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In the article “Just How Far Will Urban Sprawl Spread?” by Dave Levitan, he explains the impacts of explosive growth in the cities we live in. According to Levitan, “in 1990, 40% of the global population lived in cities, in 2010, we reached the 50% threshold, and the percentage is projected to jump all the way to 70% by 2050. The rapid Increase in population in cities will mean more cities, bigger cities, and of course more sprawl according to Levitan.

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Aly Thomson, Canadian Press contributor, in her article "Canada Overfishing: Cod Stock, Other Species May Never Bounce Back, Study Says", summarized a study that states that the cod population, along with other Canadian fish species, haven't been able to reproduce and grow their numbers or to even keep a steady population due to overfishing. Thomson also explained that fish species usually have a normal, periodic population growth and decline cycles but the cod population hasn't reached its norm level in over twenty years which is a very scary thing to think about.

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              Elizabeth Palermo argues in her article "King Crabs Arrive in Antarctic, with Claws Out for Biodiversity" that king crabs could be invading the whole seafloor of Antarctica due to climate change. She states that these crustaceans do live all over the globe, especially in the Alaskan coast. However, it was only discovered recently by scientists that they had advanced to the cold seawaters of Antarctica. According to the studies, the king crabs could throw the ecosystem into disorder.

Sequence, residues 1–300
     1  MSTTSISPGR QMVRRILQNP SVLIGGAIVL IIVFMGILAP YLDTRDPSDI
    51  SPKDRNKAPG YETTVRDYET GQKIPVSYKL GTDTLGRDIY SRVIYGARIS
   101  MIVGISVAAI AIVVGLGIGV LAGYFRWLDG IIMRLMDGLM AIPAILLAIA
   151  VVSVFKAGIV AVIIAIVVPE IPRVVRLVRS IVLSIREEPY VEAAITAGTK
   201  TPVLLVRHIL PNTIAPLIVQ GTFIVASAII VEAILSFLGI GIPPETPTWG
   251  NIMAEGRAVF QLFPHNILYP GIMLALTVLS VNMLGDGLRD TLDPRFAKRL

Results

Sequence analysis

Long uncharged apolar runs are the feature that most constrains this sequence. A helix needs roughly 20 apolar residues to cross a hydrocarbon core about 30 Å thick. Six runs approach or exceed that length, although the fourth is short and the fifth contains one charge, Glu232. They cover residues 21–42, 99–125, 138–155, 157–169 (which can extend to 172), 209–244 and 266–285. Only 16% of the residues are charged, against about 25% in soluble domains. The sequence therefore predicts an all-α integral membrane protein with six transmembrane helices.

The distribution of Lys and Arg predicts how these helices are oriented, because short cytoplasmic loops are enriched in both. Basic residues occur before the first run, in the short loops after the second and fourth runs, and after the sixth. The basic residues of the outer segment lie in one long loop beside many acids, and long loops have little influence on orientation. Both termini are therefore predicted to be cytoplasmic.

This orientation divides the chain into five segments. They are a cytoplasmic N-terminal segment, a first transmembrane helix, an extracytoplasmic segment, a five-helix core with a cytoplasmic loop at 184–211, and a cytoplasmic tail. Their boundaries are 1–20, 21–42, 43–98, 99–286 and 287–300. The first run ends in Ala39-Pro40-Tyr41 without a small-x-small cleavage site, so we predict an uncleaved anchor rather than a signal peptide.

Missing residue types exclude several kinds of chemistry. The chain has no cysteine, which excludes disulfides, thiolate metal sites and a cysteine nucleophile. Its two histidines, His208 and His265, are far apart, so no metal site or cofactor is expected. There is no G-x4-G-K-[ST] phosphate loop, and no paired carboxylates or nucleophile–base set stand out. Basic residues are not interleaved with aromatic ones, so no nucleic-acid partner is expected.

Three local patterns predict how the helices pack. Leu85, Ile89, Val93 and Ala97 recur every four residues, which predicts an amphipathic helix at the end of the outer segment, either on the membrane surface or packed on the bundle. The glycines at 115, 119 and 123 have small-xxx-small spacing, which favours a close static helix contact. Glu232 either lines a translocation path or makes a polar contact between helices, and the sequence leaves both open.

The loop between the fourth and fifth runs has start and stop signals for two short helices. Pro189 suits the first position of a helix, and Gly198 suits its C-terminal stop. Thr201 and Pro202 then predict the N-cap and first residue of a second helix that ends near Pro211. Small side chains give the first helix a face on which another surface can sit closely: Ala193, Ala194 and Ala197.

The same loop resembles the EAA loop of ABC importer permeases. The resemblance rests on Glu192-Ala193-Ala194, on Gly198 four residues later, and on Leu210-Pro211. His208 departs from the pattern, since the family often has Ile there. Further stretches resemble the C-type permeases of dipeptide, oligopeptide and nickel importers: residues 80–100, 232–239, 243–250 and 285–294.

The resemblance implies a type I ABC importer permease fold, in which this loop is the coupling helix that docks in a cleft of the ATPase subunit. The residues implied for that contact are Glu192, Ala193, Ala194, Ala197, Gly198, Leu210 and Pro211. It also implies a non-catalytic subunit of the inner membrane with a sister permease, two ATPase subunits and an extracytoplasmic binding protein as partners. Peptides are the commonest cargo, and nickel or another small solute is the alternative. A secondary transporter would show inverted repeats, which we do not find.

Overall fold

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The article entitled "Species and ecosystem impacts" on the David Suzuki Foundation's website speaks mainly of the climate change going on in Canada and the effects that they will have on the ecosystems there. It also describes how this hanging climate is forcing animals and plants into migration. Sadly though, species aren't able to migrate at a fast enough pace to keep ahead of human induced climate change thus many species will go extinct because of human activities.

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              The article "Cheap Oil an Opportunity for Fossil Fuel Price Reform" written by Glada Lahn argues that fuel costs should increase according to the severity it causes on health, carbon and resource degradation. She claims that the cut on fuel costs does not aid the environment's situation since it makes people buy more cheaper oil, hence, they produce more carbon dioxide (CO2) emissions from combustion.

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The Skeena watershed on the northern coast of British Columbia is one of the most beautiful and important watersheds in Canada, as freshwater conservation specialist James Casey explains, it is a "rich ecosystem [that] also supports a rich economy that includes fisheries and tourism. The home to countless species, including the rare, pale-spirit bear found in that area, the Skeena watershed is an important natural site and should be treated and protected as such. Unfortunately, that is not the case. The Skeena watershed is not protected under any policy of conservation.

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